It’s actually rather simple. Bruce Jenner is a male. Caitlyn Jenner is a female. Bruce no longer exists, so when referring to this person “she” is the way to do it. By the same token, I have to be a male for work. So when friends see B., it’s normal and expected that they’d say “he.” This is part of the reason I don’t fixate on the pronouns presently–I do still present myself as a male to much of the world. And no doubt, this person that is me who encapsulates both B. and Aria is, on the whole, female, and it’s certainly true that Aria is “pure me” whole B. is “sorta me, but with a lot of masks on.” But that doesn’t change that it’s unreasonable of me to expect my friends to look at B. and say “she.”

Anyway, before I somehow digressed onto that, I told Calliope years ago, when our relationship was on the rocks, that I’d been into the labyrinth, I’d faced the darkness, and I came out the other side. That’s certainly true, but what I entered was a small section of the labyrinth. With each return, I realised that it was larger and filled with enemies deadlier than I’d ever imagined. Most of these returns were not by choice. Unlike Thesseus, I did not choose to go down, and the motif of my songs deals with Ariadne failing to give Thesseus the sword and string; in my versions, Thesseus enters unarmed and without a method of finding his way back.

There was a time, years ago, that I stumbled by accident into the labyrinth, and there was a time that Ariadne failed to give me the sword and string, and I trusted her to do so. That’s not an unreasonable trust: I had married the girl, after all, and if you can’t count on your spouse to help pull you from the darkness then who can you count on?

“No one,” I learned, and that’s the best way to characterize me. I trust no one. Everyone I’ve ever trusted has either let me down or betrayed me outright.

I fell into despair and darkness. “I’m lost,” I said, because it was all that I could say. I have no idea what I went through, or what caused it, but in less than a month I’d left my ex-wife, and she immediately turned her back on me, even though all I freaking did was go to my sister’s. Of course, it would never have reached that point if she’d done as I asked and just left me be, but she kept pushing and pushing, caring only for herself and how it hurt her that I was distant, and caring nothing for the fact that I was in far worse shape.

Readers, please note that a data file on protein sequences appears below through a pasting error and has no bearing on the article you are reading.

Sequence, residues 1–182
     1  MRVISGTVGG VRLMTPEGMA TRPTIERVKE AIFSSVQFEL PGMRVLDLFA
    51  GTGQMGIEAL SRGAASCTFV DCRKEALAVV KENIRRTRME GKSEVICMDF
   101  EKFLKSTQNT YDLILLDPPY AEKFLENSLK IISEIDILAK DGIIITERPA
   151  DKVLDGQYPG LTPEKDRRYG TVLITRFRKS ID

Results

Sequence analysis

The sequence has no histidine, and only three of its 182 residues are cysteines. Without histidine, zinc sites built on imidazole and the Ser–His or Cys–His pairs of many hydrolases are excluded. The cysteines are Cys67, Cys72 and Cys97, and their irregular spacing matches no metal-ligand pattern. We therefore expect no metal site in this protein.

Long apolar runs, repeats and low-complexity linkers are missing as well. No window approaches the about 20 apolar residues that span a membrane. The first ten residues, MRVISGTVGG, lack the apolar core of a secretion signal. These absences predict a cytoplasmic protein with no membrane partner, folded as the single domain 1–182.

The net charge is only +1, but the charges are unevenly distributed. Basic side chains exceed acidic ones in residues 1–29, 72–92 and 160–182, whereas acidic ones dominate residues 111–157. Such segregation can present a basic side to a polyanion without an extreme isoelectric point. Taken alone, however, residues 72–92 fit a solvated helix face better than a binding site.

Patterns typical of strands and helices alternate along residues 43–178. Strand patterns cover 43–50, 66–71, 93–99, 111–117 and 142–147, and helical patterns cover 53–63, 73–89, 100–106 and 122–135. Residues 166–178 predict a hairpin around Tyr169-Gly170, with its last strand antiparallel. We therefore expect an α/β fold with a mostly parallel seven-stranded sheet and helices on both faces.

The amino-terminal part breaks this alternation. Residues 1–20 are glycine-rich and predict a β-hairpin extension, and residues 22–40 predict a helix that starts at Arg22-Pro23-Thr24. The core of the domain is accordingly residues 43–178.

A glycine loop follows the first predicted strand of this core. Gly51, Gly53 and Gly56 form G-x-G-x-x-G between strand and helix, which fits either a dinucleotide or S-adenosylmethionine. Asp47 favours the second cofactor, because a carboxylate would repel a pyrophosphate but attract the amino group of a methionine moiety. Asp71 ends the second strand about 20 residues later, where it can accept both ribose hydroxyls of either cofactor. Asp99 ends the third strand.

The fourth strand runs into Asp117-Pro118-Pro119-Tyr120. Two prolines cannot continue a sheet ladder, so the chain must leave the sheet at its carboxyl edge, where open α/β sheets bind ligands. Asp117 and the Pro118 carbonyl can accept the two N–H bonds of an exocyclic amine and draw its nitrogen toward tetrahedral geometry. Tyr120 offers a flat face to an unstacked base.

For months afterward, I felt that I’d lost my center, that I’d drifted away from myself, and that I’d never find myself again. And I tried repeatedly to get her back, but she wasn’t having it. Her dad, who vehemently disliked me and spurned her through our entire marriage, welcomed her back as the prodigal daughter–suddenly, she had daddy’s happy love again. On top of that, a longtime friend with whom she’d fallen out of touch (because the friend didn’t try to keep the flame of friendship alive and got caught up in her own world that my ex wasn’t part of) had just left her own husband, because he’d been using Craigslist to… do things a husband shouldn’t be doing. So she also got her old friend back at exactly the same time, and though neither of these were my fault, it felt to her that she’d been rewarded when I left her. I left her, then she got her daddy and friend back–though these people had each turned their backs on her for different reasons, that’s simply not how the ordinary person views things; the average person doesn’t bother to analyze to such depths.

Meanwhile, I re-enrolled into college and graduated, opened an I.T. firm, got to speak on Fox News as an I.T. Expert regarding cryptoware, got published, became a writer for Cubed3, wrote two books, moved to Vegas…

…and was promptly thrown back into the labyrinth, and this time I was beaten to near death before I woke to find myself shrouded in the darkness of the underground maze. This time… was different. The stakes were high–so very high–and it was far more like:



This time, it was that. That right there, that video… That’s it in a nutshell. Except, instead of donning a totalitarian mask as does Pink, I removed the mask and there was Aria.


If you liked this post, feel free to click Like, Share, and Subscribe. 🙂 I’m also interested in swapping guest-writing posts. You might also like “Dead or Alive”, on Amazon for 99 cents:*Version*=1&*entries*=0

You may already be interested in helping with my transition.